Barrette's explanation fits well into the new sociological paradigm which asserts that pluralism of religion arose to meet the religious needs of different subcultures as America increasingly diversified. Warner (1993) explains that religion became a method of societal differentiation in the cultural melting pot of the United States. "Religion itself is recognized in American society, if not always by social scientists, as a fundamental category of identity and association, and is thereby capable of grounding both solidarities and identities" (p. 1059). Not only did religion actually create some subcultures, like Mormonism, but it also created and sustained important societal associations among people as they moved along the frontier.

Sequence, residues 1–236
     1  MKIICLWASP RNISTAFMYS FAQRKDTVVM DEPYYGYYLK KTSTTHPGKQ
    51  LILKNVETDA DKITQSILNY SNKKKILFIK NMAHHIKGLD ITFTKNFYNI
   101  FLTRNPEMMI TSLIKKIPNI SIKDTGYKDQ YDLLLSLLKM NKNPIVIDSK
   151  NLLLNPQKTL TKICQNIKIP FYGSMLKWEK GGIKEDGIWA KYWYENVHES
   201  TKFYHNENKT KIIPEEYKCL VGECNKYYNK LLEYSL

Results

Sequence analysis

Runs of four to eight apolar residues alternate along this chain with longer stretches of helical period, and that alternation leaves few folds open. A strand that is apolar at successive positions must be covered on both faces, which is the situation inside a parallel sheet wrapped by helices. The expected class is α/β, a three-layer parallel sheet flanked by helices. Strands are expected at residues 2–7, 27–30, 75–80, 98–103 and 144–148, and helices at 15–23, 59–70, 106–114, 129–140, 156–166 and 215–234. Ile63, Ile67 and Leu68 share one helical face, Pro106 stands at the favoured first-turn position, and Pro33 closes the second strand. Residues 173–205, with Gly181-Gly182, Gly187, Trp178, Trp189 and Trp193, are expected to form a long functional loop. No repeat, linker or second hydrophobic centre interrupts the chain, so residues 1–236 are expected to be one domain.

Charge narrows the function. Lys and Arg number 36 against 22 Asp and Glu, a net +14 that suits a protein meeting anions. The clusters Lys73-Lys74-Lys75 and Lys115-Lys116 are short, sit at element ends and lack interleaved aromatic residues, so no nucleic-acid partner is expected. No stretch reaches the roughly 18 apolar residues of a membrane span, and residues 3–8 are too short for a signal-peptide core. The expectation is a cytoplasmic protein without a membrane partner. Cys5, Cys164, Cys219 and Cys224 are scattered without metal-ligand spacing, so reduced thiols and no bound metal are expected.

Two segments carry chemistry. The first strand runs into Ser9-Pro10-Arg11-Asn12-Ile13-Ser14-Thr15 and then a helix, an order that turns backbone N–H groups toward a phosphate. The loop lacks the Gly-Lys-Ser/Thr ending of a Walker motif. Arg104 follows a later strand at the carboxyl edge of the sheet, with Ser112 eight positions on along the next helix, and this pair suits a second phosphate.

The effect of pluralism on religious attitudes and practices has been included in many studies, including Hoge et al.'s (1994) study of Presbyterian baby boomers. They interviewed boomers who had been confirmed in the Presbyterian Church to find out about their practices and beliefs at the time of the study. Hoge et al. break up their respondents into eight categories, within two groups. The "Churched" group consists of those who are both members and attend regularly, and are divided into the following four categories: Fundamentalists, Presbyterians, other Mainline Churched and Other Churched. All other respondents are considered "Unchurched" and are categorized as Attenders, Members, Uninvolved but Religious or Nonreligious.